No. 4 Princeton Downs No. 10 Brown To Claim Share Of Ivy Title
May 2, 2009
Princeton, N.J. -- The first quarter between Princeton and Brown was a perfectly played drama befitting a championship game. The second quarter was just perfectly played, befitting a championship team.
Princeton played perhaps its best single all-around quarter since the first quarter of the1997 NCAA championship game to sprint past Brown 11-7 and claim a share of the Ivy League championship in front of 2,132 fans at the Class of 1952 Stadium.
Princeton scored seven goals on seven shots against arguably the best goalie in college lacrosse in the first 10 minutes of the second quarter after the teams had played a tight, brilliantly contested - and scoreless - first quarter. Brown would get no closer than four goals the rest of the way.
The 2009 Ivy League championship is shared by Princeton and Cornell, who defeated the Tigers two weeks ago in Ithaca and as such get the league's automatic bid to the NCAA tournament. Princeton, ranked fourth in both polls, finishes the regular season 12-2 and is widely considered a lock for an at-large NCAA tournament bid when the field is announced tomorrow. In fact, it is likely that Princeton, Cornell and Brown (ranked 10th in both polls) will all be in the tournament.
Princeton finished the regular season at 12-2 overall, 5-1 in the Ivy League, 6-0 at home and 5-0 against teams that it had lost to a year ago. Brown, who lost for the first time in eight road games, is 12-3, 4-2 in the league; the Bears would have shared the title with Cornell and won the league's automatic bid with a win.
"When we broke out the trophy in the locker room, it was the first time some of those guys had ever seen it," said Princeton coach Bill Tierney. "It's something we used to take for granted around here, but it's not something you should ever do. Ivy League championships are special."
The title was the 24th in school history. Princeton did not win an Ivy title in the 21 seasons prior to Tierney's arrival in 1988; he has now won 14 championships in 22 seasons as Tiger head coach.
That number would have been 15 championships had Princeton not lost to Dartmouth and Brown to end the 2008 season. The Tigers avenged the Big Green loss a week ago and then set out to turn around last year's 6-5 loss in Providence on the final day of the 2008 season, a loss that denied Princeton an Ivy title and kept the Tigers out of the NCAA tournament.
Princeton lost that game as Bears' All-America goalie Jordan Burke made 13 saves against five goals, running his career save percentage against Princeton to .667. The only goal of the fourth quarter of last year's game came from Tiger goalie Alex Hewit - who was in the stands for the rematch - but Princeton could not get the tying goal past Burke after that.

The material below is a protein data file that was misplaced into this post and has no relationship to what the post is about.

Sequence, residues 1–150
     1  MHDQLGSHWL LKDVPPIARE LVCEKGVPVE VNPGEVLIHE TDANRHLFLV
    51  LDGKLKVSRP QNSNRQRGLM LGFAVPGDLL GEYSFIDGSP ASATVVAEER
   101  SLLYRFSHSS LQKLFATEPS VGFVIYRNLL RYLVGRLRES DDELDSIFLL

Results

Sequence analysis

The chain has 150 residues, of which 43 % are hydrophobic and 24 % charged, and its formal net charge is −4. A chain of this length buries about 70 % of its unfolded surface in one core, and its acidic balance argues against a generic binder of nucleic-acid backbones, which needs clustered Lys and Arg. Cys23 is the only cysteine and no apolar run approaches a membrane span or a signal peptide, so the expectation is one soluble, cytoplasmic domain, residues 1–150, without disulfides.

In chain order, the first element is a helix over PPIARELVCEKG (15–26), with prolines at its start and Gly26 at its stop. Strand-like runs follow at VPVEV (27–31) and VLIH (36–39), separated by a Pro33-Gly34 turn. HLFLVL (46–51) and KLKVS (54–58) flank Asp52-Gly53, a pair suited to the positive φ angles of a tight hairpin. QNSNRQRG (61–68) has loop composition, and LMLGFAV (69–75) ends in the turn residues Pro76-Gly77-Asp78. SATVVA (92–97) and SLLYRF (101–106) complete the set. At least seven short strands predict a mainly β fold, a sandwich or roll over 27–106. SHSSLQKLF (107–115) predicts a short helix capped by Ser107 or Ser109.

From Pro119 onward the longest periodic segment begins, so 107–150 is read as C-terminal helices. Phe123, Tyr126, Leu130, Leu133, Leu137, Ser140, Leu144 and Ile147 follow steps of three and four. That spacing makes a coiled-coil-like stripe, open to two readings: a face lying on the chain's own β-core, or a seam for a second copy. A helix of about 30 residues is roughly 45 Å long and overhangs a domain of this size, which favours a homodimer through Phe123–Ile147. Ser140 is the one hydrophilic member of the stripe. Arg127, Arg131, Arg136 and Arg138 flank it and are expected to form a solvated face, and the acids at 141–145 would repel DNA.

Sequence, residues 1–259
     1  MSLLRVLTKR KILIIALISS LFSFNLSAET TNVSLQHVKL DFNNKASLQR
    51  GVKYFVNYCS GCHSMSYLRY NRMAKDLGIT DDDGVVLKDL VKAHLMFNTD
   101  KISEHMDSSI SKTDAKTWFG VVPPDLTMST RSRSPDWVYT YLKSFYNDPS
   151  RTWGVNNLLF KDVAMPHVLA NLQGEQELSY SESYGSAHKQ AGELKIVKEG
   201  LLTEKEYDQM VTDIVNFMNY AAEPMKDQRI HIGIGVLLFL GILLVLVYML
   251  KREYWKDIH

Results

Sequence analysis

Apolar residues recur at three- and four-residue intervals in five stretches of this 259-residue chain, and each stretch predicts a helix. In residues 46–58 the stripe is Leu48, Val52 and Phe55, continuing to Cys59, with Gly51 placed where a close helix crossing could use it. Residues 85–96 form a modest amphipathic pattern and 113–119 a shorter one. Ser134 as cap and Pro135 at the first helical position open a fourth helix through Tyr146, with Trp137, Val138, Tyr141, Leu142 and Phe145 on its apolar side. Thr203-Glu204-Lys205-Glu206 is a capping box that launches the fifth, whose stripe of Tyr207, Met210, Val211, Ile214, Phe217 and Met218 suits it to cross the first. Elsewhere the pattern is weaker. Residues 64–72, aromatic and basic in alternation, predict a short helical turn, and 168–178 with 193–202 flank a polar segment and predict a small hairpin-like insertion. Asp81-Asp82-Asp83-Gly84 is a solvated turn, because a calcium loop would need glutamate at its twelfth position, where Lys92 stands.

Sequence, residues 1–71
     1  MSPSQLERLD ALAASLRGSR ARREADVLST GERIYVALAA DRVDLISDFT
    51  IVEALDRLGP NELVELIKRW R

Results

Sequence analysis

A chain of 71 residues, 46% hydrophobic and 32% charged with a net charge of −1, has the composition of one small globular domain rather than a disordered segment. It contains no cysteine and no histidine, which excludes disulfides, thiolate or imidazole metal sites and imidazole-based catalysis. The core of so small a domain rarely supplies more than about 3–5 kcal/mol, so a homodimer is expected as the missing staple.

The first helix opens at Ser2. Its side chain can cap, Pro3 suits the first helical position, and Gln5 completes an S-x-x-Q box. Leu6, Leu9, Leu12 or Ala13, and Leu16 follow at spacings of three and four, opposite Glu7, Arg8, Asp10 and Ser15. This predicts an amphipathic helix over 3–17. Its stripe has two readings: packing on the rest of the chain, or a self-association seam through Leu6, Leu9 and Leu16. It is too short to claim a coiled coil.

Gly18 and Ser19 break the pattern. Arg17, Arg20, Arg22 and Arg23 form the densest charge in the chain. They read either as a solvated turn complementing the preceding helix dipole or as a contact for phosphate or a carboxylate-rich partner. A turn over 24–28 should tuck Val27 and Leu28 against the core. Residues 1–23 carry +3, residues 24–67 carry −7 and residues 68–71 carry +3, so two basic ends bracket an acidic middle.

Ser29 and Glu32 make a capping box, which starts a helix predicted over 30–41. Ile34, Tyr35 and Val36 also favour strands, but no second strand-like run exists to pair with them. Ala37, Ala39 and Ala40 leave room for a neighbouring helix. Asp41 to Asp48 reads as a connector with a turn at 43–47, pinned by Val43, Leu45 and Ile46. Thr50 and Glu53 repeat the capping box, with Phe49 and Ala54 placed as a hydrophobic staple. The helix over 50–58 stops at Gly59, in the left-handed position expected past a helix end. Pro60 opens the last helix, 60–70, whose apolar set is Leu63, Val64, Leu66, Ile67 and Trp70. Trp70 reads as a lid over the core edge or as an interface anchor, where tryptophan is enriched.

"The difference between the feeling of walking off the field last year against Brown and this year against Brown is amazing," said Princeton's Josh Lesko, who made the biggest play of the game. "We worked really hard for this one."
The first quarter Saturday afternoon was an amazing defensive performance by both teams. Scott MacKenzie took the first shot of the game, a tough low shot that Burke made a big save on, and that seemed to affect the Tigers shooters.
As for Brown, its first shot came from Brady Williams on another tough shot, this one saved by Princeton freshman Tyler Fiorito. Neither team would have a shot on goal for the rest of the quarter, and both defenses made every offensive possession difficult. Brown maintained possession for the final 3:26 of the quarter and took six shots during that stretch but could put none on goal as Tiger defenders hounded the Bears everywhere they went.
"I think the goalies made a big difference on the shooters at the start," Tierney said. "He [Burke] made a tough save, and now everyone is thinking that they have to be perfect. I think we may have had a similar affect on them."
When the first quarter ended, Princeton had gone 42:05 without having anyone other than the goalie score against Burke. That all disappeared in the second quarter.
"It was a pretty good quarter for us," said Greg Seaman, who had two goals for Princeton. "We had a lot of confidence there."
Seaman scored the first goal of the day, which came 51 seconds into the second quarter on a tough catch-and-shoot in front off a feed from Tommy Davis. It was 2-0 less than a minute later as Davis scored on a feed from Rich Sgalardi.
Brown then called timeout and won the face-off as play resumed. Jack Walsh then hit the pipe on a shot, which rocketed back to Princeton defenseman Chad Wiedmaier, who flipped it ahead to Lesko as he flew down the middle of the field. Lesko then ripped it past Burke low, and it was 3-0 Tigers instead of 2-1 had Walsh's shot gone in.
By the time the quarter ended, Jack McBride had scored twice, Paul Barnes had added a goal seven seconds after a McBride goal and Mark Kovler had added one of his own. Those seven goals came on seven straight shots.
Princeton would shut out Brown in the first half, just as it had done against Dartmouth
The lead became 8-0 in the third quarter on Davis' second of the day less than two minutes into the third quarter. Brown finally broke through when Thomas Muldoon scored on the Bears' 20th shot of the day, which ended a streak of 18 consecutive shots that missed the cage.
The Bears would get back into it enough to put some pressure on Princeton, but the lead never got close than 10-6 and the final of 11-7. Like a year ago, Princeton's final goal came from a defender, this time Wiedmaier, who made it 11-6 with an end-to-end rush with 4:52 to go.
Muldoon would score three times to lead Brown, but it took him 15 shots to do it. The Bears threw 49 shots at the Princeton goal, of which 33 missed the cage. Burke made some big saves in the second half, especially against Kovler and McBride, as he and Fiorito both finished with nine saves.